Spending: $73.6 billion
Percentage Change from 2011: 0.7 percent decrease
Discretionary Spending: $58.9 billion
Highlights: Hillary Rodham Clinton's State Department is spared major cuts hitting other government agencies, with a decrease of less than 1 percent from the previous year. The budget proposal maintains significant funds for programs in Afghanistan and Pakistan as well as Iraq, where U.S. diplomats will face serious challenges as American troops continue to withdraw.
The budget retains major assistance programs for U.S. allies in the Middle East, including $1.5 billion for Egypt despite the recent ouster of longtime President Hosni Mubarak. Officials stressed, however, that money for Egypt, including $1.3 billion in military aid, could be altered depending on developments.
Israel is slated for $5.6 billion, including $3.1 billion in military aid. Jordan, which along with Egypt, are the only two Arab states to have peace deals with Israel, is to get $300 million in military aid.
Yemen, a key partner in fighting al-Qaida, is set to get $120 million in assistance, the same as requested last year which was an increase of $53 million over the 2010 budget.
Assistance to Afghanistan, Pakistan and Iraq is divided between two accounts - one totaling $5.3 billion that deals with core assistance and diplomatic support and another totaling $8.7 billion that deals with aid related to ongoing war efforts.
The proposed budget calls for slight increases in global development assistance and the Peace Corps but also foresees reductions for development funds in Africa and Latin America. It would eliminate direct military assistance totaling $5 million for five countries - Chile, Haiti, Malta, East Timor and Tonga. It also would reduce economic assistance for east European and Central Asian countries.
Agency: Veterans Affairs
Spending: $129 billion
Percentage Change from 2011: 4.5 percent increase
Discretionary Spending: $58.8 billion
Highlights: More than 2.2 million service members have deployed for war since the Sept. 11 terrorist attacks. The budget proposal would provide $208 million in aid to caregivers who are family members of the severely wounded from the recent wars. It's part of a law signed last year by President Barack Obama. It would invest $183 million to help jumpstart VA's effort to reduce its massive claims backlog that's left veterans waiting months or years for a benefit check by starting to implement a paperless claims system. It would invest $939 million to help expand services for homeless veterans through private and public partnerships. It also would provide $6 billion for programs targeting the mental health needs of veterans, including those with traumatic brain injury. The proposed budget would cut spending for construction. House Veterans' Affairs Chairman Jeff Miller, a Republican, has promised to do a thorough review of spending at the VA.
7) Clashes Erupt in Bahrain as Tumult Ripples Across Mideast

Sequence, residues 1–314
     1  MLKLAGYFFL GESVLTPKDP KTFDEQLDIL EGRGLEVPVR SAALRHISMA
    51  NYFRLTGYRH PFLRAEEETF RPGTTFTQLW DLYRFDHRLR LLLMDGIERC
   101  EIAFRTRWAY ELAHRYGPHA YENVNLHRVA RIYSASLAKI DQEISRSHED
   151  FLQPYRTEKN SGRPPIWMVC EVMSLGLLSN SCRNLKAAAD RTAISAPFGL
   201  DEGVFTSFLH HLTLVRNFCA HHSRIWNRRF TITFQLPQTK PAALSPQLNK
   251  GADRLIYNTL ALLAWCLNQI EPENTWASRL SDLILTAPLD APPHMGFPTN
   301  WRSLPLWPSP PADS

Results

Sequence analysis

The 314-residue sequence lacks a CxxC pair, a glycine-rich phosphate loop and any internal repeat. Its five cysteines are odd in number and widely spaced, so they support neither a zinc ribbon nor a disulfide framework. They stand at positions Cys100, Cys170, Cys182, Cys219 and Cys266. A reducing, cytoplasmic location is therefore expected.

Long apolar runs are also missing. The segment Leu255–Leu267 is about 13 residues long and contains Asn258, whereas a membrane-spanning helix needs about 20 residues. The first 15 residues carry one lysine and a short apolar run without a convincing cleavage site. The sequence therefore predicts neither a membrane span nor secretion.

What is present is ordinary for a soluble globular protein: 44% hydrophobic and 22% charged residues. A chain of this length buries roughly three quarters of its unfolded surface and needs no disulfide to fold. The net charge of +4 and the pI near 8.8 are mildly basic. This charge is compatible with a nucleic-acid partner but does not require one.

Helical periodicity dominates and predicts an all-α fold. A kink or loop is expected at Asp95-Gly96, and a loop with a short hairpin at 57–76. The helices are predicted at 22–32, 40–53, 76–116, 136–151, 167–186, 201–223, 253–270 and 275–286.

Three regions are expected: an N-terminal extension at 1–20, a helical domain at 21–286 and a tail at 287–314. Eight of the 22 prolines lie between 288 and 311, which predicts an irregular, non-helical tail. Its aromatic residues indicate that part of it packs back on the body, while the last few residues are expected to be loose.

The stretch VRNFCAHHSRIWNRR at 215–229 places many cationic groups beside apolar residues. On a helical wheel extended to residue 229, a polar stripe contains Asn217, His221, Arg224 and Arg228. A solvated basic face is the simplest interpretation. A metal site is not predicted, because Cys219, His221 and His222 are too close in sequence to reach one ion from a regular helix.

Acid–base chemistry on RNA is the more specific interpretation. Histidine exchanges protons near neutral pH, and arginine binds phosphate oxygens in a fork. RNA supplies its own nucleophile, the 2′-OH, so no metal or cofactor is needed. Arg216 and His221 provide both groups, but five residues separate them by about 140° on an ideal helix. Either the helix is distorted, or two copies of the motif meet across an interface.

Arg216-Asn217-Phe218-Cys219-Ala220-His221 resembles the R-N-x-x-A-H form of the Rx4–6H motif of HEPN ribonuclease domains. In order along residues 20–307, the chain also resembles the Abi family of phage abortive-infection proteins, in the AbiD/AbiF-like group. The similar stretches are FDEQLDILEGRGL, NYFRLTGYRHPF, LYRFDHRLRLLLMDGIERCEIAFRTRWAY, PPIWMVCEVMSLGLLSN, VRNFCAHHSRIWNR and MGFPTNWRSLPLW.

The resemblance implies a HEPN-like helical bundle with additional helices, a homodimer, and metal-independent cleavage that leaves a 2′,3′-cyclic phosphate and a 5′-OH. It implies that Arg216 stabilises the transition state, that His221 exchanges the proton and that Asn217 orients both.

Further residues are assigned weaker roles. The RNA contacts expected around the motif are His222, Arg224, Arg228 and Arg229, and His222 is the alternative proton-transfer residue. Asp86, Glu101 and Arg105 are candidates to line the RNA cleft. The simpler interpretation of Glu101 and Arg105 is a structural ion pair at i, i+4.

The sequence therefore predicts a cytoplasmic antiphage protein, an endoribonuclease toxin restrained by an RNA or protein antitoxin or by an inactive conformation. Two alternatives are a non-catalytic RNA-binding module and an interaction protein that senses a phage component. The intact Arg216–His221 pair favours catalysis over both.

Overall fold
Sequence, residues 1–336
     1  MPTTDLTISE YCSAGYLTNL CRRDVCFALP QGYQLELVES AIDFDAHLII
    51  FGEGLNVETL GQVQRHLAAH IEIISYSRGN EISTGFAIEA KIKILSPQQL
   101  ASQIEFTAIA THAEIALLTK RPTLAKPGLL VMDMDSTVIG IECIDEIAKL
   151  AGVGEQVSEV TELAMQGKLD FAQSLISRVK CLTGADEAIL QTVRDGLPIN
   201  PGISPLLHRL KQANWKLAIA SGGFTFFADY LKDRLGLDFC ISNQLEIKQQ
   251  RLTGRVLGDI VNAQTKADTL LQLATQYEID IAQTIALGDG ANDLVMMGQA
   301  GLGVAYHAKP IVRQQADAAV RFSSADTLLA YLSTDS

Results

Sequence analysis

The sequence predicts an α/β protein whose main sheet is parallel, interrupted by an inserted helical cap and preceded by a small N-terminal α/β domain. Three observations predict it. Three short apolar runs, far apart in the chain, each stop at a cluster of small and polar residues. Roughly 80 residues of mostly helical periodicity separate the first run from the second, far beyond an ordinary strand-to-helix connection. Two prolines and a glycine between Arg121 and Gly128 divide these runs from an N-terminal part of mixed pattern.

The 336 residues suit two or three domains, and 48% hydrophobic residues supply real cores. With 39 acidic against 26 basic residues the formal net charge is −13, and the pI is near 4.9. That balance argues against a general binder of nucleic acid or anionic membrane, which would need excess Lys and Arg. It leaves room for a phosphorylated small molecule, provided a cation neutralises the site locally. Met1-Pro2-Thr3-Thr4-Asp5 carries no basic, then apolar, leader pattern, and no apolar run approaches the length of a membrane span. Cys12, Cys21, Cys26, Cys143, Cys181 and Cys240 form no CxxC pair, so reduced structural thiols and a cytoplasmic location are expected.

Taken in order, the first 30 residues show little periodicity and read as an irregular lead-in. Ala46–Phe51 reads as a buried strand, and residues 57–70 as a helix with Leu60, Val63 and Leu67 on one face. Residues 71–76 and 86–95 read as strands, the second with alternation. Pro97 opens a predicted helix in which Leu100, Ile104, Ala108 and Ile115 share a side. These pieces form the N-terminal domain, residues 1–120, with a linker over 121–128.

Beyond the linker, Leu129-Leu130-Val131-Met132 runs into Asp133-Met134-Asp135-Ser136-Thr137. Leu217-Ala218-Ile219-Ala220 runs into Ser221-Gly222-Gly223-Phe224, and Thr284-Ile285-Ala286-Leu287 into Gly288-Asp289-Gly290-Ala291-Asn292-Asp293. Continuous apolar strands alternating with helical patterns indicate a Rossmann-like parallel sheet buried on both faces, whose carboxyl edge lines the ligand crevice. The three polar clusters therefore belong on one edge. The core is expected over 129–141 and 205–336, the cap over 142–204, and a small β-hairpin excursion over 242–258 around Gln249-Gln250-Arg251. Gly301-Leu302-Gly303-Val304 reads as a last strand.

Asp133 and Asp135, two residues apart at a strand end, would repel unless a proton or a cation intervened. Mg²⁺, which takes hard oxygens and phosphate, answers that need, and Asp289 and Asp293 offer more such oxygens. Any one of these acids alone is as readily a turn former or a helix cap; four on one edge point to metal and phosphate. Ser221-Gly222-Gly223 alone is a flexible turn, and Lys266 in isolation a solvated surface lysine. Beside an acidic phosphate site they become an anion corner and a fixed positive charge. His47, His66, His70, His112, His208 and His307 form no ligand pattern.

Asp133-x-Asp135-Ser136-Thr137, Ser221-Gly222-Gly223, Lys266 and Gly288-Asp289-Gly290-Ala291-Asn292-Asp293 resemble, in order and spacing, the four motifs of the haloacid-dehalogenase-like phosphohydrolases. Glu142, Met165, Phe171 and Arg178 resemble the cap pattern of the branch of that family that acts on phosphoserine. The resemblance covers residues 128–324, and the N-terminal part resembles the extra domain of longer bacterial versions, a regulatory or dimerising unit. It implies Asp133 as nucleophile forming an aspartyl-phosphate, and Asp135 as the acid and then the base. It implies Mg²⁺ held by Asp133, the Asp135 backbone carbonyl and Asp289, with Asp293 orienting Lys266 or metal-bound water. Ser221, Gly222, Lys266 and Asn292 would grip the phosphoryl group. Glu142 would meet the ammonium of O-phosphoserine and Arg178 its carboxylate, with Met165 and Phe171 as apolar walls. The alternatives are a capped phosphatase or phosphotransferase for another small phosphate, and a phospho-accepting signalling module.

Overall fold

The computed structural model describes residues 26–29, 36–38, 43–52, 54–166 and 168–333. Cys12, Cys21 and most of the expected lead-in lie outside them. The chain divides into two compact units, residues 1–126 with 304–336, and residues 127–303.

Michael Slackman and Nadim Audi, New York Times, February 14, 2011
Manama, Bahrain - The police officers, 20 of them, raised their weapons and fired rubber bullets and canisters of tear gas directly into a small group of protesters chanting slogans and holding signs. One man fell instantly and was shot at as he squirmed on the ground. Another was trapped against a wall and writhed as an officer shot rubber bullets at him, again.
That scene, on Avenue 28 with a police car supervising at about 5:30 pm, was played out all over this island nation on Monday as police attacked peaceful protesters, men, women and children, chasing them down, firing at them with rubber bullets and overwhelming them with tear gas. At times the tear gas was so heavy, and fired with such abandon, that the police also succumbed, dropping to the ground to vomit.
This small nation in the Persian Gulf, with only about 1 million residents, half of them foreign workers, has long been among the most politically volatile in the region. The principal tension is between the royal family under King Hamad bin Isa al-Khalifa and ruling elites, who are mostly Sunnis, and the approximately 70 percent of the local population that is Shiite. Occupying mostly rundown villages with cinder block buildings and little else, many Shiites charge systemic discrimination in employment, housing, education and governance.
It appeared that all of the protests on Monday were in Shiite communities, with demands that were both economic and political. Young people said they mostly wanted jobs and a chance at a better life. But protesters young and old called for a new constitution and democratic changes to allow for a more effective representative parliament and government. The king has been promising to open up the political system for a decade, but the progress has been slow.
"We want real reforms, a real parliament elected by the people with real legislative power," said Maryam al-Khawaja, 23, with the Bahrain Center for Human Rights. "We want a constitution written by the people."
Mr. Khalifa and government officials had said that peaceful protests would be tolerated in what organizers had called Bahrain's "Day of Rage," modeled on the protests in Egypt last month. But they were not. From early in the morning until well past sundown, police attacked without warning any group that dared gather in the street.